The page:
Members of Generation X are the most likely to say they aren’t using restaurants enough. Forty-seven percent of Gen Xers say they are not eating on premises at restaurants as often as they would like. Less than 4 in 10 Gen Z adults reported similarly.

Gen Xers and baby boomers are the most likely to say they are not ordering takeout or delivery from restaurants as often as they would like.

Pent-up demand is higher among lower-income households, with a majority of consumers in households with income below $50,000 saying they would like to go out to restaurants and order takeout/delivery more frequently. 

Meanwhile, nearly 3 in 10 adults living in households with income above $100,000 say they are not going out to restaurants as often as they would like.

Any amount of unfulfilled demand among higher-income households is an important indicator for restaurants, as this demographic group represents the majority of spending in the industry.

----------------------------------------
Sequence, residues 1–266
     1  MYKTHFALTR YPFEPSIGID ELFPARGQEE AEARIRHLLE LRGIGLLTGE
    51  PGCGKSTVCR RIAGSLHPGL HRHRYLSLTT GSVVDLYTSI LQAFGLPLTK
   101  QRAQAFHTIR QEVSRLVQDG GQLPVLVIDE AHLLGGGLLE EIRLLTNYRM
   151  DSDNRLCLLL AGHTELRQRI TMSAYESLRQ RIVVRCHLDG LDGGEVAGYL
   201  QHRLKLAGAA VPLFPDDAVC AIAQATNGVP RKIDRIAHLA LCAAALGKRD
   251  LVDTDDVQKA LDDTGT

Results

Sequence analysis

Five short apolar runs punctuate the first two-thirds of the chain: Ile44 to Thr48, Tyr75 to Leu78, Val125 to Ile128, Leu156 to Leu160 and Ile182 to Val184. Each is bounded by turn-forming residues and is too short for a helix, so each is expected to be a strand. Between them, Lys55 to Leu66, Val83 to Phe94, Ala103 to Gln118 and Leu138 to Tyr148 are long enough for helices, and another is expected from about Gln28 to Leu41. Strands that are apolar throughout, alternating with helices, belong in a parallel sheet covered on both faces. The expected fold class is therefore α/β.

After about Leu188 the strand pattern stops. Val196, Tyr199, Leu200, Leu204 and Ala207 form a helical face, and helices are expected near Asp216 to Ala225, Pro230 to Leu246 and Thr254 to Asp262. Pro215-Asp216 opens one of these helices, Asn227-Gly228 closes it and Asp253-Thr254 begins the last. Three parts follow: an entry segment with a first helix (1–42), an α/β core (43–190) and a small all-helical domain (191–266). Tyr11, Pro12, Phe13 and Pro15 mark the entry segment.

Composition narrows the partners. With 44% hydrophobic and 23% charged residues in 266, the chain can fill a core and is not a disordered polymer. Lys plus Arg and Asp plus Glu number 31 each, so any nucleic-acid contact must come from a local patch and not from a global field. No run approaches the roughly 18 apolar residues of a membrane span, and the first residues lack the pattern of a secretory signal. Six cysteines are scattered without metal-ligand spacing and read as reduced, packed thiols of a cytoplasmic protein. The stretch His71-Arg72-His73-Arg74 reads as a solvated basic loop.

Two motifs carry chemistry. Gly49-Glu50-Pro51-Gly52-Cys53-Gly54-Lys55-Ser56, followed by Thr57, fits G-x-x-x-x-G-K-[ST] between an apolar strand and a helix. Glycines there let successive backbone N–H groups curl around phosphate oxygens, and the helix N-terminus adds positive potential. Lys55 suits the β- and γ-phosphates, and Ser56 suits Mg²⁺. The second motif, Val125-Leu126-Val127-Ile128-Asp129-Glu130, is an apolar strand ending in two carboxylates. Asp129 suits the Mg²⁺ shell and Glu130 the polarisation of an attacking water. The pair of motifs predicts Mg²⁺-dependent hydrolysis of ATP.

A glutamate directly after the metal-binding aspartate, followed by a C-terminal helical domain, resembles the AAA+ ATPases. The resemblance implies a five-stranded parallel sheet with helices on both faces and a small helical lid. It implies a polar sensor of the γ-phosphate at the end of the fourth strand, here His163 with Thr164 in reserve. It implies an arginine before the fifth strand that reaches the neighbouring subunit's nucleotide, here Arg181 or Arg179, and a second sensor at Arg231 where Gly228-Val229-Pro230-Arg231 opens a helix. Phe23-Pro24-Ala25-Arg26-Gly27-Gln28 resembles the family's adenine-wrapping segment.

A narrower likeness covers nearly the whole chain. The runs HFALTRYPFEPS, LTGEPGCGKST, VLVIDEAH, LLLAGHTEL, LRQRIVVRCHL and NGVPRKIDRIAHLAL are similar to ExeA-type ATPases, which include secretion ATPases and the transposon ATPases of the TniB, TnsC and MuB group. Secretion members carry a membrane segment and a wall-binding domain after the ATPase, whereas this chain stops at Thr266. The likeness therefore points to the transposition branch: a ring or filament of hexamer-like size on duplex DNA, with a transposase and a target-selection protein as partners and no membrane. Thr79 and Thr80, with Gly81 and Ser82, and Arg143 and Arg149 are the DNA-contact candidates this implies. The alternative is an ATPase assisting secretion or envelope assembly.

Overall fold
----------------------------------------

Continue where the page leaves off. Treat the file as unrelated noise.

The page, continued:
According to data from the Bureau of Labor Statistics, households with incomes of $200,000 or higher are responsible for 24% of the total spending on food away from home, while households with incomes between $100,000 and $199,999 account for 33% of industry spending.

Taken together, households with income above $100,000 are responsible for nearly 6 in 10 dollars spent in restaurants.

Read more analysis and commentary from the Association's economists, including the latest outlook for the economy.